according to the rules of private law, cannot be seen as an unjustified
State interference with the property rights of the losing party. Indeed,
it is the very function of the courts to determine such disputes, the
regulation of which falls within the province of domestic law and outside
the scope of the Convention (see, mutatis mutandis, Kuchar and Stis v. Czech Republic (dec.), no. 37527/97, 21
October 1998; see also S.Ö., A.K., Ar.K. and Y.S.P.E.H.V. v. Turkey (dec.) 31138/96,
14 September 1999; H. v. the United Kingdom, no. 10000/82, Commission decision
of. 4 July 1983,
DR 33 p.247, at p. 257; and Bramelind and Malmström v. Sweden, no.8588/79, Commission decision of 12 October 1982, DR 29, p.64, at
p. 82). Therefore, this complaint is incompatible ratione materiae with the provisions of the Convention within the meaning of Article 35 § 3 and must be rejected in accordance with Article 35 § 4 thereof.
38. Lastly, the Court notes that there is no evidence in the case file that there has been any discrimination against the applicant on any grounds. As for the involvement of the Social Care Centre, the relevant sections of the Family Law Act 1989, which was in force at the time when the proceedings were conducted, provided for legal guardianship only in respect of persons not capable of managing their own rights and interests (see paragraph 21 above). However, this was not the case with the applicant, whose disability was physical not mental, and who was, in addition, represented by a lawyer throughout the proceedings. Hence, this complaint must also be rejected as manifestly ill-founded in accordance with Article 35 §§ 3 and 4 of the Convention.
III. APPLICATION OF ARTICLE 41 OF THE CONVENTION
39. Article 41 of the Convention provides:
“If the Court finds that there has been a violation of the Convention or the Protocols thereto, and if the internal law of the High Contracting Party concerned allows only partial reparation to be made, the Court shall, if necessary, afford just satisfaction to the injured party.”
40. The applicant requested EUR 150,000 in respect of pecuniary damage.
41. The Government contested this claim.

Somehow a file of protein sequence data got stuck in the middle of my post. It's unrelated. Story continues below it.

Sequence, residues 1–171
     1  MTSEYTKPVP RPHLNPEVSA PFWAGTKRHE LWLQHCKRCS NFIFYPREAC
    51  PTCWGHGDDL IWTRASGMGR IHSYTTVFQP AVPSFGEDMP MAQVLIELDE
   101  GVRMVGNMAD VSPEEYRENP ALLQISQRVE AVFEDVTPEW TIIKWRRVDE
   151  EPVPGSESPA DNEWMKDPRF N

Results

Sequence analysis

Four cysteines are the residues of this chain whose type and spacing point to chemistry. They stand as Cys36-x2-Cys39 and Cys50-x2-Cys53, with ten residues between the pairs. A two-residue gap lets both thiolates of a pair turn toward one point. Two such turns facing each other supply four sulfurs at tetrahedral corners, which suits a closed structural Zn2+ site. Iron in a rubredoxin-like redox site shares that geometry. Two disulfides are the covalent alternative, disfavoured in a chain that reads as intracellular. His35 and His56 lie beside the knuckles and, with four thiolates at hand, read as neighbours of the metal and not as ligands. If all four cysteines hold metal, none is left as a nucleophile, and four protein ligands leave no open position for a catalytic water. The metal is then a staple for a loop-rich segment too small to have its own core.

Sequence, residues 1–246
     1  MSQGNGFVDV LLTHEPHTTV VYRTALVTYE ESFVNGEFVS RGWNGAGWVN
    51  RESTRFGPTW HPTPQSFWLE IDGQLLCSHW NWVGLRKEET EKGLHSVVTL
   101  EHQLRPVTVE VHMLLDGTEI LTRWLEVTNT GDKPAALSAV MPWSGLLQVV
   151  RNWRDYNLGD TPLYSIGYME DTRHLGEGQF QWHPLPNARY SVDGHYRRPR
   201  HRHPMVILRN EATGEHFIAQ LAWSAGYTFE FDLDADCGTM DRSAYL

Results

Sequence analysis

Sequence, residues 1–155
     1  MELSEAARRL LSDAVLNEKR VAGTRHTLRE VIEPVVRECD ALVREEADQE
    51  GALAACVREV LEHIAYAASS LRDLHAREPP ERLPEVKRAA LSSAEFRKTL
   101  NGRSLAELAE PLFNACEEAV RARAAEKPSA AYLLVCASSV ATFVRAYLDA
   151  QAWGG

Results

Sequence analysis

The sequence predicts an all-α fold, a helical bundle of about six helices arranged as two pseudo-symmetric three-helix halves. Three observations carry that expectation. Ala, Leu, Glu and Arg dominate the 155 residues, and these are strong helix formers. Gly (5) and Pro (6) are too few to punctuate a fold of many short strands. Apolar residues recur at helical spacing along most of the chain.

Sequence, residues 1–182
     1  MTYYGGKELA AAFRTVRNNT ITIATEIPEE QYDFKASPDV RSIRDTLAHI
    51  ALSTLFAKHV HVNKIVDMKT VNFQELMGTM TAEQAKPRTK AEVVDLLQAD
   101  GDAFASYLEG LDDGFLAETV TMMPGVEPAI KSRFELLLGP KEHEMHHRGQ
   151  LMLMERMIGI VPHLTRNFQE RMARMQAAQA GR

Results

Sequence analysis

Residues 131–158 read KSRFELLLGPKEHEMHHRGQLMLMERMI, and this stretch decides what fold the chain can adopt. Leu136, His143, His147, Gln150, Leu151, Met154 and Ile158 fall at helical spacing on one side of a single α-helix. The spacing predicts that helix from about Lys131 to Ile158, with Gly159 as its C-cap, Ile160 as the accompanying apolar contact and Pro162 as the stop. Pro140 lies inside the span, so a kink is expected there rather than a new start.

42. The Court is of the view that it has not been duly substantiated that the applicant sustained pecuniary damage as a result of the violation of her right of access to the Supreme Court. Even if not the subject of a specific claim, the Court accepts that the applicant has suffered non-pecuniary damage which cannot be sufficiently compensated by the sole finding of a violation. Making its assessment on an equitable basis and having regard to the particular circumstances of the case, the Court awards the applicant EUR 1,500 under this head (see, mutatis mutandis, Staroszczyk v. Poland, no. 59519/00, §§ 141-143, 22 March 2007).
B. Costs and expenses
43. The applicant claimed EUR 10,000 for “costs of proceedings”.
44. The Government contested that claim.
45. According to the Court's case-law, an applicant is entitled to the reimbursement of costs and expenses only in so far as it has been shown that these have been actually and necessarily incurred and were also reasonable as to their quantum (see, for example, Iatridis v. Greece (just satisfaction) [GC], no. 31107/96, § 54, ECHR 2000-XI).
46. In the present case, regard being had to the fact that the applicant failed to submit evidence, such as itemised bills and invoices, that those expenses had been actually incurred, the Court, accordingly, rejects that claim.
FOR THESE REASONS, THE COURT UNANIMOUSLY
1. Declares the complaint concerning the applicant's access to the Supreme Court admissible and the remainder of the application inadmissible;
2. Holds that there has been a violation of the applicant's right of access to the Supreme Court under Article 6 § 1 of the Convention;
(a) that the respondent State is to pay the applicant, within three months from the date on which the judgment becomes final in accordance with Article 44 § 2 of the Convention, EUR 1,500 (one thousand five hundred euros) in respect of non-pecuniary damage, plus any tax that may be chargeable;
(b) that from the expiry of the above-mentioned three months until settlement simple interest shall be payable on the above amount at a rate equal to the marginal lending rate of the European Central Bank during the default period plus three percentage points;
4. Dismisses the remainder of the applicant's claim for just satisfaction.
Done in English, and notified in writing on 21 September 2010, pursuant to Rule 77 §§ 2 and 3 of the Rules of Court.
Lawrence Early Nicolas
GARZIČIĆ v. MONTENEGRO JUDGMENT
GARZIČIĆ v. MONTENEGRO JUDGMENT